September 20, 2005

From the Mouths of Middle Schoolers

"I learned from experience not to run after a boy."

This is from a note the 7th grade teacher next door to me found on the floor. It just makes me laugh.

Learned from experience??

Ah, to be 12 and know it all.

About the third year I was a teacher, I realized that there was no use fighting it. The kids truly do know more than I do. I don't really believe this, but I might as well because I can't convince my students otherwise.

But you know, with true wisdom like the excerpt above...I don't know...maybe we do get dumber with age.

This 30-ish year old is keeping her ears peeled for more gems of wisdom from the young whippersnappers.

September 17, 2005

"Dad Says We Can Have Pancakes for Dinner!"

Chris and I went to Denny's for lunch last weekend, but since it was barely noon on Sunday, it seemed okay to have breakfast food instead of lunch. We often eat at those types of cafes where any kind of meal can be ordered at any time of day, and I don't feel compelled to eat the type of foods that match the meal I should be eating at that time of day, but I do often feel guilty. Like my stomach cares. Or the waitress. Or society. Nobody cares! But it usually gives me pause.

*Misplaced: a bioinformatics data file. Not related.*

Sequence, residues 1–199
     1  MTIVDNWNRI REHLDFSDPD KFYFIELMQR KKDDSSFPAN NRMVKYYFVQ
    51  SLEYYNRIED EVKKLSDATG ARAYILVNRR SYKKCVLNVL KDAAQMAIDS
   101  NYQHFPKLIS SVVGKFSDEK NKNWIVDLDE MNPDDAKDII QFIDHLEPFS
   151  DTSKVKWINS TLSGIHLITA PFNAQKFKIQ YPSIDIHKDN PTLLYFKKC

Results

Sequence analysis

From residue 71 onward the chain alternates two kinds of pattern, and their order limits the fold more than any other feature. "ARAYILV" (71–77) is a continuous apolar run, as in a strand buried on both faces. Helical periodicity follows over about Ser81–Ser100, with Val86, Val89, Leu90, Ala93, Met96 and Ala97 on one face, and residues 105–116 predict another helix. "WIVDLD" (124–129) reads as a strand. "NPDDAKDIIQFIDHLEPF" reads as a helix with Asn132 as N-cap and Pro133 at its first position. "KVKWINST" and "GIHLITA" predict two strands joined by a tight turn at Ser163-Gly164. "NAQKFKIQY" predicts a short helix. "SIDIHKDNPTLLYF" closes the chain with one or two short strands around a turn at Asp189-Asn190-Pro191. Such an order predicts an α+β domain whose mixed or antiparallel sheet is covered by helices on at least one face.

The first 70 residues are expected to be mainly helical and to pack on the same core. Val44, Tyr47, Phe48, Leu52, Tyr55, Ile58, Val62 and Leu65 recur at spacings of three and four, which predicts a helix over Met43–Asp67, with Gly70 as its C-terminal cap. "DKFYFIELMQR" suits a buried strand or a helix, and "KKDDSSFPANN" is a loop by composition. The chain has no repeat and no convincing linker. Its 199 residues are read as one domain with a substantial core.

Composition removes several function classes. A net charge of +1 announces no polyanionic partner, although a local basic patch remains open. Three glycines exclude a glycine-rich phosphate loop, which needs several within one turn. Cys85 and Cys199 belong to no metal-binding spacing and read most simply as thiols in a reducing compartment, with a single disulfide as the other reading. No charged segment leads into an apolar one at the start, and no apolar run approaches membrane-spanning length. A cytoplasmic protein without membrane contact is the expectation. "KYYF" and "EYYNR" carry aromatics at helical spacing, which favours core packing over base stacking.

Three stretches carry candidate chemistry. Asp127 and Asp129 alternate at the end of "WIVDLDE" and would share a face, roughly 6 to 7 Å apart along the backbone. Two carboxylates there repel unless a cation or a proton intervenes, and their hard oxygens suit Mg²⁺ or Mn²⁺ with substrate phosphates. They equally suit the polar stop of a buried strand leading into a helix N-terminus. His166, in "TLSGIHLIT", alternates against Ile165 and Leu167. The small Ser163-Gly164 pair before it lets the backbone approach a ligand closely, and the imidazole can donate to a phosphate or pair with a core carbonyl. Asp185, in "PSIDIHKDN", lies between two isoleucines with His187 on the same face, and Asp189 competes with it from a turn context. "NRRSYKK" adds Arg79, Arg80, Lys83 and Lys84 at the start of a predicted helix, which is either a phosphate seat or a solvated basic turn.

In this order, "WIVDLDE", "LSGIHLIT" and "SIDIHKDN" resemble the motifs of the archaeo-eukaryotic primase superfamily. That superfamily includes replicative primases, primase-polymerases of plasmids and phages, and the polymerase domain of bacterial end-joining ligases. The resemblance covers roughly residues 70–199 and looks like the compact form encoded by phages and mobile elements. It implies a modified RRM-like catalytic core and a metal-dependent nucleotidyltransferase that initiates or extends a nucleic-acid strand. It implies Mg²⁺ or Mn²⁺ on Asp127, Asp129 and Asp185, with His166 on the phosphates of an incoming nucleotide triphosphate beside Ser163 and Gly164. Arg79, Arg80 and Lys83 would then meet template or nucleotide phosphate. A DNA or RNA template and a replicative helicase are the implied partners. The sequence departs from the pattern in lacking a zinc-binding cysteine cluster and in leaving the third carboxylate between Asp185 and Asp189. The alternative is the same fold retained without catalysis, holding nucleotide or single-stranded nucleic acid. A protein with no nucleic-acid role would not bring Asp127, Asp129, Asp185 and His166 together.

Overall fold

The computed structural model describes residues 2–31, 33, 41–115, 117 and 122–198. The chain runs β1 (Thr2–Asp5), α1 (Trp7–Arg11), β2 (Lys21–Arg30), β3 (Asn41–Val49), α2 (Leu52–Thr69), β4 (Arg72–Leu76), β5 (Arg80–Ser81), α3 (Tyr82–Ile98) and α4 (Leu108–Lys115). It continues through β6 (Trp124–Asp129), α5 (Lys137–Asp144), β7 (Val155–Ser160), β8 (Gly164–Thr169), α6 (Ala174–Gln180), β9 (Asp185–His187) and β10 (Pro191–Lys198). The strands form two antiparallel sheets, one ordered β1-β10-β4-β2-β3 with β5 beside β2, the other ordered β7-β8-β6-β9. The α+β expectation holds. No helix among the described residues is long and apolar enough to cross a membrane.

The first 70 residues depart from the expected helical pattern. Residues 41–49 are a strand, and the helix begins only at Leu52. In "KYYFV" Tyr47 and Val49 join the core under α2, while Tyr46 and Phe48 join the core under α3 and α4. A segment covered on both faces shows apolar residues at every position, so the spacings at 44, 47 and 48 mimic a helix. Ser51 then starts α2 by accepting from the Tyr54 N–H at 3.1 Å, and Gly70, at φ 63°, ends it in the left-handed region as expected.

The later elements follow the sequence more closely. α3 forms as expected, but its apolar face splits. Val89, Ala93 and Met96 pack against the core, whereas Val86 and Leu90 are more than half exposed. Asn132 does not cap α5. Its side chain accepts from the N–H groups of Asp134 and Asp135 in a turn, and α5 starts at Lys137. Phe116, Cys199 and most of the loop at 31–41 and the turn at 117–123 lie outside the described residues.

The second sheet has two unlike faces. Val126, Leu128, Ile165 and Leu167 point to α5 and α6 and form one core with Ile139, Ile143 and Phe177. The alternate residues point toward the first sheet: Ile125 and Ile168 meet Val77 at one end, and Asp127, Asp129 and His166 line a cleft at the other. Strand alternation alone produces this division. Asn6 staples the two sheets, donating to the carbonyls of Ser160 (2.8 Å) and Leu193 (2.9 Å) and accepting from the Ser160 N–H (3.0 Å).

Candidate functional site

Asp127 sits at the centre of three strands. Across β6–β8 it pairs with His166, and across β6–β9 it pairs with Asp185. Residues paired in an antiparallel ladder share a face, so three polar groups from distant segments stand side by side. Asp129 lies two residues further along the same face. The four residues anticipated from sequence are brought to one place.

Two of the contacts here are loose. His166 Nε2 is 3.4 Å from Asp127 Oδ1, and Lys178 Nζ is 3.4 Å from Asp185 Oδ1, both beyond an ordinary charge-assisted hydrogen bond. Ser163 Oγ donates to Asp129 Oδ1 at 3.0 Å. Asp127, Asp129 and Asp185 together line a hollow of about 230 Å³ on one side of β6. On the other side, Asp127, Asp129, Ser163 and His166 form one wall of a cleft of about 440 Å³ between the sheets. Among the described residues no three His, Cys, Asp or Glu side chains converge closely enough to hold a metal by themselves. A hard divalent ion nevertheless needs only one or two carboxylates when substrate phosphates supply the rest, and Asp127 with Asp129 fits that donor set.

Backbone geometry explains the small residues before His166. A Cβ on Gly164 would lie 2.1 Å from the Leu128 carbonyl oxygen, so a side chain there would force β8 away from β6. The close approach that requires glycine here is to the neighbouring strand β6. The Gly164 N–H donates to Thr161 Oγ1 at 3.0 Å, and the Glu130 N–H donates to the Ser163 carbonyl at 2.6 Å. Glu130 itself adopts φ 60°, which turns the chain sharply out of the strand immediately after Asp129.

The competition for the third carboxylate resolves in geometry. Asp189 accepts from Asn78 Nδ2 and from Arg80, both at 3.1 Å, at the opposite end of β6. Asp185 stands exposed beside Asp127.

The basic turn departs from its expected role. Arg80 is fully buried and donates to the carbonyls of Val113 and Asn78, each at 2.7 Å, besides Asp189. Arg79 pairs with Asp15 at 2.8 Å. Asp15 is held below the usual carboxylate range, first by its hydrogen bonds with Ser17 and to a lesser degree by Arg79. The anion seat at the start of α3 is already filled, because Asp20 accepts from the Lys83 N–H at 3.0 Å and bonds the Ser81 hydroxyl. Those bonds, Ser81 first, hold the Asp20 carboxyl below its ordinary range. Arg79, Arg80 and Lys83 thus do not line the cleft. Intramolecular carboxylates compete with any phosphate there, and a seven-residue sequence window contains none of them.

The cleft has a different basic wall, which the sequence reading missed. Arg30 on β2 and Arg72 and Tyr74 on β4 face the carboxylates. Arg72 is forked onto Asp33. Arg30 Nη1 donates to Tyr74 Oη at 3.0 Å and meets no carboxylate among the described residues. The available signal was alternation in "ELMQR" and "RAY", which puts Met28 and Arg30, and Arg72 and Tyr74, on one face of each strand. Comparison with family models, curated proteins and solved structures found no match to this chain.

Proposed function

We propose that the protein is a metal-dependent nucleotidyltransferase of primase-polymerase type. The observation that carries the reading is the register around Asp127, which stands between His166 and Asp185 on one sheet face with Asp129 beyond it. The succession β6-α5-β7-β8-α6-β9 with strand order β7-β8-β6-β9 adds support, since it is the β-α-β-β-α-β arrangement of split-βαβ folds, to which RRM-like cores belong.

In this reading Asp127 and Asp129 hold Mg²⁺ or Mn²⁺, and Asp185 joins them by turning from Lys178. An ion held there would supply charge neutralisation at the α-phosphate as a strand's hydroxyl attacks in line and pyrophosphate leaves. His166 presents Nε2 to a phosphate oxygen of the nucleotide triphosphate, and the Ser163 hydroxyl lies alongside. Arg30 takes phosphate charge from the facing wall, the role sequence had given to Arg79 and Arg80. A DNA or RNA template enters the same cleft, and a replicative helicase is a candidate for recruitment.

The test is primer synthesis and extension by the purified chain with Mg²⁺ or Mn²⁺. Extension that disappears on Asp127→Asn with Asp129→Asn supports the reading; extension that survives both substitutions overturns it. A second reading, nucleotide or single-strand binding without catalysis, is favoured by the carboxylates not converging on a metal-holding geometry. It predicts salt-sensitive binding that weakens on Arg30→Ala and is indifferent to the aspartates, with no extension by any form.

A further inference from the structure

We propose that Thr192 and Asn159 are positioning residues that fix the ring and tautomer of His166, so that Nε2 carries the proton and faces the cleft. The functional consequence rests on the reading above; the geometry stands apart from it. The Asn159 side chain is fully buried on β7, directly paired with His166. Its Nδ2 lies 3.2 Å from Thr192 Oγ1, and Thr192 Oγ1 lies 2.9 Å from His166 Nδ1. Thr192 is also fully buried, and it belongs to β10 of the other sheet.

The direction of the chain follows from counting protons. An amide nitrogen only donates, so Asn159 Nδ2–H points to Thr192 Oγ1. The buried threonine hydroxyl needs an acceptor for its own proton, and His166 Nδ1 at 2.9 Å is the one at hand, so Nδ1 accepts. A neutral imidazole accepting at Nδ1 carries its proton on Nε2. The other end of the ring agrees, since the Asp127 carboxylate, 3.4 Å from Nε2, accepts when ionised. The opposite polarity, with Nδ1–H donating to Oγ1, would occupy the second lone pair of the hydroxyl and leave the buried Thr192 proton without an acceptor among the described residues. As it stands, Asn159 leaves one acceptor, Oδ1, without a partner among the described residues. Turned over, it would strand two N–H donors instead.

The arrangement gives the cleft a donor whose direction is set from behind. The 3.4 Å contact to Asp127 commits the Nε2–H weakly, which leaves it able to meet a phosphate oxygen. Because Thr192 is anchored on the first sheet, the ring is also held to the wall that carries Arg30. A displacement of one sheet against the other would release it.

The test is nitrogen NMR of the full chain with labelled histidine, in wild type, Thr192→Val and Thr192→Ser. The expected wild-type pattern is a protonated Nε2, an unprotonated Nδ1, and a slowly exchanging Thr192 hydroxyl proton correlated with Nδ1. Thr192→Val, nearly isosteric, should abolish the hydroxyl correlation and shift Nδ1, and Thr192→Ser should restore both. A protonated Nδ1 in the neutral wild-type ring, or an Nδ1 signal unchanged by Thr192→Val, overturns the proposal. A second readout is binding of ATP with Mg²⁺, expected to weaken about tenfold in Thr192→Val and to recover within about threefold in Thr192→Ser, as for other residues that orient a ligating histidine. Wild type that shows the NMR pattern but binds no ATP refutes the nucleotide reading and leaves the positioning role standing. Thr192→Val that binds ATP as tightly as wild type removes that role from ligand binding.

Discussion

So, on this particular Sunday I decide to order pancakes with eggs over-easy. Actually I ordered eggs over-easy because the meal came with hashbrowns, and hashbrowns are best mushed up with runny eggs. With a little ketchup on top. When the food came, I suddenly remembered the best way to eat pancakes was with eggs over-easy between two pancakes. There's something about that buttery pancake taste with eggs. Syrup is an added bonus yet not necessary.

And that just brought back a childhood memory.

Are you with my stream on consciousness, here?

Just out of the blue, I broke into a story to tell Chris (I'm sure he's often confused where these things come from) about how sometimes Dad would come home from work and suggest we have pancakes and eggs for dinner. My brother Tye and I would be so excited because we weren't the type of family that ate pancakes on a regular basis, in fact we were more a cold cereal family. Plus, the idea of having breakfast foods for dinner just seemed so out of the ordinary. Almost taboo.

I flash back to those days when, for some reason, we didn't have dinner planned when Dad arrived home from work. It would be dark outside, so pancake dinners probably happened in the winter. Dad would be in his work clothes, clomping into the house with his muddy work boots, smelling of oil and cold. He would come through the pantry door and ask what was for dinner, and we'd all shrug. (Okay, this part of the story seems weird--like we hadn't a clue what to eat. Where was Mom?) So, he'd say, "Let's have pancakes." So, we'd rush to get the electric skillet out. Gunked and old, it had fried many chickens, bags of potatoes, and only occasionally, bits of liver and onion. (Yuck!) We'd plug it in to warm up, and when it started popping and creaking it's would be ready to go. It only took a few minutes to whip up some batter made from Bisquick, and in just a few minutes after that, we'd be turning out pancakes and eggs. It was all made to order, so on those nights we may have eaten at the table, as we always did as a family for dinner, but it was "Eat it while it's hot!"